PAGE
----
Pedro Almodovar has done it again. If anyone else had directed “Talk to Her,” (Hable con Ella) it would seem like a revelation; from Almodovar, it is a reassurance of greatness. Both tragic and comic at turns, “Talk to Her” offers the viewer a subtle and aesthetic insight into the deepest questions of humanity — love, loneliness, connection — all with the sensibility of a man who loves people as much as he loves movies.
In a brilliant choice that immediately invokes the closely connected fantasy/reality/art connection in “Talk to Her,” the film opens with the curtain at a Pina Baucsh dance concert. Two men who have not yet met, Marco (Dario Grandinetti) and Benigno (Javier Camara), sit next to each other in the audience. Marco cries as he watches the two women dance across the stage with their eyes closed — Benigno notices, but does not say anything.
When they finally meet, it is at the clinic where Benigno works as a nurse. Marco’s fiery bullfighter girlfriend Lydia (Rosario Flores) has fallen into a coma after being gored. Benigno too is in charge of caring for a particular woman, a beautiful ballet dancer named Alicia (Leonor Watling). Marco, whose relationship with Lydia was passionate and demanding (and turns out to have been more ambivalent on her side than on his), cannot adjust to her comatose state. He turns to Benigno, who speaks to Alicia and effortlessly lavishes attention upon her as though she were completely animate, and the two begin a close friendship.
Though Marco is the main character of the film, “Talk to Her” is really about Benigno, whose loving kindness turns out to be inextricably linked with a tragic and terrifying desire for Alicia. We see Benigno’s story through Marco’s eyes and like Marco, we cannot lose faith in Benigno’s human goodness no matter what he does. Almodovar’s triumph of sympathy lies in his ability to make us love this perpetrator of such a horrible deed — to understand him, to justify him and even to question the immorality of the act itself. Nothing is as simple as we think, says Almodovar. Not morality, not love, not sanity.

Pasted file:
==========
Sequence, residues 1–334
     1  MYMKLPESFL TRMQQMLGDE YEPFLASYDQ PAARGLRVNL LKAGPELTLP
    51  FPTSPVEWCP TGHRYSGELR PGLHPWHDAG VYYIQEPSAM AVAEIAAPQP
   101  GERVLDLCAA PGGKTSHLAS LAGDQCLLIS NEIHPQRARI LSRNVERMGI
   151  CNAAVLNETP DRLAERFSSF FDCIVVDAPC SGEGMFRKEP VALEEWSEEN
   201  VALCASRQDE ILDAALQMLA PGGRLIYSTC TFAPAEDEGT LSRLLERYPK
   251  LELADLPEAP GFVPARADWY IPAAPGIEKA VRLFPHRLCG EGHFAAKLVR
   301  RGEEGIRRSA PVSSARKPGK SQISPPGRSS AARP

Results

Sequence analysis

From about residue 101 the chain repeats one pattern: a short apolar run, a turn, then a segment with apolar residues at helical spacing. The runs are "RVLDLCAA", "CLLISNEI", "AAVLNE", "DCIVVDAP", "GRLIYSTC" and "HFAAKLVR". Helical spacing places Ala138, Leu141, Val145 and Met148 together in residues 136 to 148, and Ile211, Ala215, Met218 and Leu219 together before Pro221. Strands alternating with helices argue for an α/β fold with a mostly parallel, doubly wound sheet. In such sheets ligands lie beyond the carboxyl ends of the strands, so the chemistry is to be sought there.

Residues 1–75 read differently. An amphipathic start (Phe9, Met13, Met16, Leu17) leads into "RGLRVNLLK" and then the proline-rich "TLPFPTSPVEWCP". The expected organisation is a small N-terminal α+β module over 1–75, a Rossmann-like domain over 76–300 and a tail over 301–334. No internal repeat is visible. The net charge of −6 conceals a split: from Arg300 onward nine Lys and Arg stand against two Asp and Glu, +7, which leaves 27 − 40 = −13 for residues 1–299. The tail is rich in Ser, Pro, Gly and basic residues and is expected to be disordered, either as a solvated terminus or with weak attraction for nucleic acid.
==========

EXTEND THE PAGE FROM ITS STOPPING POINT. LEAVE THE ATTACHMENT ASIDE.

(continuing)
These topics are as serious as any, but the film handles them with an extraordinary amount of subtlety and grace, seamlessly weaving them into the strange, sometimes funny and ultimately lifelike circumstances of the story. The most delightfully comic sequence of the film — reminiscent of Almodovar’s sexually bald “Tie Me Up! Tie Me Down!” and “All About My Mother,” in which a man drinks his lover’s shrinking potion and begins to grow smaller and smaller until one day he climbs into her vagina and never returns — occurs simultaneously with the most suspenseful moment of Benigno’s moral struggle. Another instance of mixing the comic with the horrible is a discussion early in the film about the phenomenon of priests in Africa raping nuns because AIDS has made them afraid to rape the natives. Though the fate of these unhappy nuns is obviously not funny, the dialogue is hilarious because we recognize ourselves in the characters’ outrage.
Similarly, Almodovar plays with cinematic conceptions of suspense when we follow Lydia and Marco down a quiet road to her house on the night of their first meeting and see her confidently blow him off and enter alone, the usual setup for some kind of terror scene. Then Lydia shrieks hysterically as though she is being stabbed. She is terrified of something, but that something turns out to be a tiny snake. She is a female bullfighter with a mortal terror of snakes and Marco is a tough Argentine journalist who cries at the ballet. Almodovar asks us real questions of love, morality and insanity, but we are still having fun.
Indeed, for all of its highfalutin’ ideas, “Talk to Her” is not an intellectual movie. The beauty of the dancing is not distinct from the complex empathy we feel for Benigno, which is not distinct from the hilariousness of Lydia’s snake fit. It is a dark comedy about men and women. It is a tale of tragic proportions. It is bizarre, it is beautiful, it is disturbing, it is hopeful, it is great. And for being all these things, it is modern.